A lot of teachers have been sick this week. Which has meant work for me 😉
I’ve subbed a lot of classes during the week, even two classes at the same time. And that almost never works well. I mean, running between two classrooms results just mindless text book activities for both classes and neither gets to do something interesting. But unfortunately that’s how it is sometimes. You have to be flexible.
To compensate a text-book – filled physics class, I wanted to introduce something more interesting to my 5th graders when I finally could focus just on them and not run around between classrooms.
I had actually never done this before with students but had participated in the assignment in my own history class in the university. It’s about a real murder that took place in 1839 in a Finnish town. Unfortunately the assignment cannot be translated literally, but here’s the link to the Finnish file.
The crime was a murder, a real one that is, and students were immediately interested. They were asked to figure out what happened through the information that has survived to date. During the process they have to judge the value of each source and make their presumptions of the events that took place. And hopefully at the same time understand that what we read in history books are just the views of the historians and writers that judged the evidence presented to them.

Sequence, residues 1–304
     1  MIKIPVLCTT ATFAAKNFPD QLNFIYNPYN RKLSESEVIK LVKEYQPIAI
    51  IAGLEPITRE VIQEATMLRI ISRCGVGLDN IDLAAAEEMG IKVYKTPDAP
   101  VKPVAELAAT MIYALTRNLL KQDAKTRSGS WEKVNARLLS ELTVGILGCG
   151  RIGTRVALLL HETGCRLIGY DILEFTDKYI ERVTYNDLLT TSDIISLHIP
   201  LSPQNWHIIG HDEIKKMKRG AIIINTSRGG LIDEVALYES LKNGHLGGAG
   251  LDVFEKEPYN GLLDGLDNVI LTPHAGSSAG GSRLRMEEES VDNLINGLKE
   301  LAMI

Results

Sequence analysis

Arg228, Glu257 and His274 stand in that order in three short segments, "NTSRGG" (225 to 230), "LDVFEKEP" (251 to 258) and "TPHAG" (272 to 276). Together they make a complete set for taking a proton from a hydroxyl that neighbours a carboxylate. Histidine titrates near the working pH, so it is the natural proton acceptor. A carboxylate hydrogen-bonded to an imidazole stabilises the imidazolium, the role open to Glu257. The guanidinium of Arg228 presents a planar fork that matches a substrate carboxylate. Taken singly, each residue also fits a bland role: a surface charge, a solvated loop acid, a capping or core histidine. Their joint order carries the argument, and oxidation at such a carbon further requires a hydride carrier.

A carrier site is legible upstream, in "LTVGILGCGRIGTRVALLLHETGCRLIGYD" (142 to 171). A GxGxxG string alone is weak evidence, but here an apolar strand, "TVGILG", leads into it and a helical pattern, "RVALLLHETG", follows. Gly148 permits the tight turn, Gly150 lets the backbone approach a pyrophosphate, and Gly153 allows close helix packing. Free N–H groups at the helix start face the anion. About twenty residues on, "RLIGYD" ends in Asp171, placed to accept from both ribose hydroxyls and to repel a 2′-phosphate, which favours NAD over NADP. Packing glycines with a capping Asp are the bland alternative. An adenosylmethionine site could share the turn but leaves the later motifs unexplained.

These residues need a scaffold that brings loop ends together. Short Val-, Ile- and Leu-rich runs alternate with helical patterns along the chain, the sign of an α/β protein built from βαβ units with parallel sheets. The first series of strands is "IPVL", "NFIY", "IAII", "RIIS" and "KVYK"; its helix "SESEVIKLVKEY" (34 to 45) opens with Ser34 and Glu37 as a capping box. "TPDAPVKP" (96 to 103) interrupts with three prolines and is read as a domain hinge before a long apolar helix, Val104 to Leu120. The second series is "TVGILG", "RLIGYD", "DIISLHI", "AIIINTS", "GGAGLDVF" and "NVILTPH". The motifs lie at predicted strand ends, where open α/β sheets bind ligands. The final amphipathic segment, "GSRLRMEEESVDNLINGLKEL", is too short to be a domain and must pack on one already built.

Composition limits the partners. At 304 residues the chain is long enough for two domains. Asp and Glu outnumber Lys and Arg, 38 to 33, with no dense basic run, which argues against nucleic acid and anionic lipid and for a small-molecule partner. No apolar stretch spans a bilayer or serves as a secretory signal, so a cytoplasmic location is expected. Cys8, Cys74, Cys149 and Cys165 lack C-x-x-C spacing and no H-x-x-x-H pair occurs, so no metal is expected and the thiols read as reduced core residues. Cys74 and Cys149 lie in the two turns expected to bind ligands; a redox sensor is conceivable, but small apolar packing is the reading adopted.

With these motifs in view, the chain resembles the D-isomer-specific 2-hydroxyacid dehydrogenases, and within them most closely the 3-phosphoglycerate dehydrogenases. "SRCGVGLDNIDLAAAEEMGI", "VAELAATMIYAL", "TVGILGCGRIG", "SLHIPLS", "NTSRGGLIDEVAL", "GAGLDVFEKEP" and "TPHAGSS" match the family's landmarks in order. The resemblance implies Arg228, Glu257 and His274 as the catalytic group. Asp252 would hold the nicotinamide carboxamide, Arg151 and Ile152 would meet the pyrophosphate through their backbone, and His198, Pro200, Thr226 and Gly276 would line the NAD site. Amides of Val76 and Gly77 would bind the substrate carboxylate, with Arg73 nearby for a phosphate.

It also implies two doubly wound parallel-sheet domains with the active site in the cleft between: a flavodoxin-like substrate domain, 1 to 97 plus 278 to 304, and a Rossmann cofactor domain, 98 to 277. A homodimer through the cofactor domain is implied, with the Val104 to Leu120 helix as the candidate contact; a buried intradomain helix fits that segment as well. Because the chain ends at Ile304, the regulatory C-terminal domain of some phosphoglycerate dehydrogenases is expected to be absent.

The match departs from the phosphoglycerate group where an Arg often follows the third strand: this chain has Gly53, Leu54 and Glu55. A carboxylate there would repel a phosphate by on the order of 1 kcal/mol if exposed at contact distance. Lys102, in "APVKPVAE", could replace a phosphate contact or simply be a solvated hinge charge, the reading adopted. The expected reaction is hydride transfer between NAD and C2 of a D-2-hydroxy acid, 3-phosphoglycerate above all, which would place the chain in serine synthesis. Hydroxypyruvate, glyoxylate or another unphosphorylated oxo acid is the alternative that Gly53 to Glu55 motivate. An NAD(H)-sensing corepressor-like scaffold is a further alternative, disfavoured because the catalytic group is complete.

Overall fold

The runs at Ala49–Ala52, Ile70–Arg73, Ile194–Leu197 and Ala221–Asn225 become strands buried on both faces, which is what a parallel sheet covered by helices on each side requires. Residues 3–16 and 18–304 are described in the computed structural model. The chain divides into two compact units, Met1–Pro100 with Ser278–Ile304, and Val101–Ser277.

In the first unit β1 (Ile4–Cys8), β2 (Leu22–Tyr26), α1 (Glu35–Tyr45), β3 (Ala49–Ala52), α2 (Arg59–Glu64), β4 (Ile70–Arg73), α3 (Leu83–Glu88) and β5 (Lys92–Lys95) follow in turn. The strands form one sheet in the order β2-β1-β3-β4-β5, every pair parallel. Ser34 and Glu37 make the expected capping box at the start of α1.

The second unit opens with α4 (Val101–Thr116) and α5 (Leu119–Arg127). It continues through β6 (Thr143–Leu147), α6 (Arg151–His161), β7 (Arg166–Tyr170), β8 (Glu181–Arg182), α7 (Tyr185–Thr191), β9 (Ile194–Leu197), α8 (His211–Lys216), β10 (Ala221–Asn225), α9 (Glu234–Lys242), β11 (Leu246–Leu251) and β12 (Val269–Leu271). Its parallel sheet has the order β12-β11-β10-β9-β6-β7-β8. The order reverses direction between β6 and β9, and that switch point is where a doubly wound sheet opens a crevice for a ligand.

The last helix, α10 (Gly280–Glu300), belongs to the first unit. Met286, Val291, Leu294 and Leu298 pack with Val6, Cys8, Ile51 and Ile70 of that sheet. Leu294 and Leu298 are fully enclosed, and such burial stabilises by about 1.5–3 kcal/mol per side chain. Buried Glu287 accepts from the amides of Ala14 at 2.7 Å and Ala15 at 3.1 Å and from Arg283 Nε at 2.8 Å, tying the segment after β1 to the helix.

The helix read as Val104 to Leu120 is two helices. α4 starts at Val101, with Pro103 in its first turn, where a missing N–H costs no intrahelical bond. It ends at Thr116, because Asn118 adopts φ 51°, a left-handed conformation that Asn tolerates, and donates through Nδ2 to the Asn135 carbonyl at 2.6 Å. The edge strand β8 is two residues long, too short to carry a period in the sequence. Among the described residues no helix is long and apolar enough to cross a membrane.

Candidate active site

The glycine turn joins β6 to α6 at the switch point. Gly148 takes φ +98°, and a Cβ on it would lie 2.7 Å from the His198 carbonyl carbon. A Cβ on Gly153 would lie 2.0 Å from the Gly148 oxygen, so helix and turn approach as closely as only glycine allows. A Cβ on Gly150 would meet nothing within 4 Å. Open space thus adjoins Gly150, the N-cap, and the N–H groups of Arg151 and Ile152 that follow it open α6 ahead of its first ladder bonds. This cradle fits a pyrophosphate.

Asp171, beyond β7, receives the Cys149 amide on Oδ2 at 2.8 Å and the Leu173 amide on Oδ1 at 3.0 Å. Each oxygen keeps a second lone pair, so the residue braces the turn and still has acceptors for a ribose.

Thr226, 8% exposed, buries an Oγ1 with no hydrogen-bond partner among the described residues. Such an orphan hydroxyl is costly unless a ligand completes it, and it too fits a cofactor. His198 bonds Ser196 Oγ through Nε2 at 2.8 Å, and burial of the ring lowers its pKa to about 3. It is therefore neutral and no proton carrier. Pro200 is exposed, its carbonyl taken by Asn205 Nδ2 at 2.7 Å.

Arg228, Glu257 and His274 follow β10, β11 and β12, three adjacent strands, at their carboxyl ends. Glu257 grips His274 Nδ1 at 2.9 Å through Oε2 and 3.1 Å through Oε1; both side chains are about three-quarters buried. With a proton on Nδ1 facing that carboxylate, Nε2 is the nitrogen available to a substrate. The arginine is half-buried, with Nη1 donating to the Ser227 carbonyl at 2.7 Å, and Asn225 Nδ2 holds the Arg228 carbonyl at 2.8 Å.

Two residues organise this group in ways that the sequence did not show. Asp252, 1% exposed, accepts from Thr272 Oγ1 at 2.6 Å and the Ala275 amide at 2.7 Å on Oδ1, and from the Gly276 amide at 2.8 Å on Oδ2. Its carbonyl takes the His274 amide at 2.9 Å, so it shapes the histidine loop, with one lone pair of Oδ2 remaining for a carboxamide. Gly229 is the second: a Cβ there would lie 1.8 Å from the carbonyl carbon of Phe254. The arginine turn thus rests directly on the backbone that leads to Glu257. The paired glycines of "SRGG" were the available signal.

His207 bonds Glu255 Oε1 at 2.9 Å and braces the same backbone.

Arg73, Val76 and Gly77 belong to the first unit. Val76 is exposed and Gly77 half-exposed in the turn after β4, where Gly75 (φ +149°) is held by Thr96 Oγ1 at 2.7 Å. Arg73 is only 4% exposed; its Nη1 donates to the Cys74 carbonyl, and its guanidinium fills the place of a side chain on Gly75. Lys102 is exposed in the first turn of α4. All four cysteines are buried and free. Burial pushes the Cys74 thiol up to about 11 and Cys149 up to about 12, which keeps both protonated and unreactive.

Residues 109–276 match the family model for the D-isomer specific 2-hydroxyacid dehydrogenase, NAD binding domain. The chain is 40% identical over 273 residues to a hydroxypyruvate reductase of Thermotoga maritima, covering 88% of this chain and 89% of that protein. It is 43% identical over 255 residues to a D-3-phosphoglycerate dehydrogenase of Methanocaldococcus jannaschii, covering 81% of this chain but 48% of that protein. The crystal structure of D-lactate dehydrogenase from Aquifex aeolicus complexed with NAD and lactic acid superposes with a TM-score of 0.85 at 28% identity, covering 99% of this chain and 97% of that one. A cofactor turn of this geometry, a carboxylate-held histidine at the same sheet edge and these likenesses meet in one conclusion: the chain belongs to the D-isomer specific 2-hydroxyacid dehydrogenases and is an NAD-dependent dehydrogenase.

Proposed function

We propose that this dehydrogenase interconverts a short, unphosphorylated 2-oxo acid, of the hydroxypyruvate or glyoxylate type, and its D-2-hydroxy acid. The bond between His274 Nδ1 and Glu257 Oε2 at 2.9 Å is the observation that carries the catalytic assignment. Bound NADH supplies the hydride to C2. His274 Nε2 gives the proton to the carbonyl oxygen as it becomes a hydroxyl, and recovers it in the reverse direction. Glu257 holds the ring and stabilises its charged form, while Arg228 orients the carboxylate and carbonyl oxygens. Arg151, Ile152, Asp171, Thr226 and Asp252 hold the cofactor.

The sources are:
– the memoirs of a local woman, whose father worked for the accused man and who also was born some 5 years after the murder took place but had heard stories of it during her childhood.
– a poem written by a man who lived in the town when the murder happened, but was not an eye witness. However the poem was recorded 10 years after the crime.
– the transcripts from the trial. It appears that some of the people involved in the trial might have been bribed.
I must say that I was thrilled how well the class responded to this lesson. I even heard the students debating over the events and the reliability of the sources during their lunch break!
Many interesting points were made during the lessons (it took me two 45-minute lessons) and the source material I handed out to them was full of notes and scribbling (“Lydia is such an idiot” “This is not trustworthy”).
Although I couldn’t help but to wonder that if their regular teacher would quiz them on their final exam about historical sources and their reliability, would the students be able to form their answers based on this lesson? It seems that they are so used to reading the text books and making notes and then memorizing them for the exam that this kind of exercise might be hard for them to fully understand (in terms of historical source material).
All in all, it seemed that the students really dived into the assignment and made very smart judgement calls regarding the events that are described in a very different manner in each source. They were like the CSI detectives on TV, collecting the evidence and figuring out what really happened.
People lie, the evidence doesn’t lie.
Gil Grissom, CSI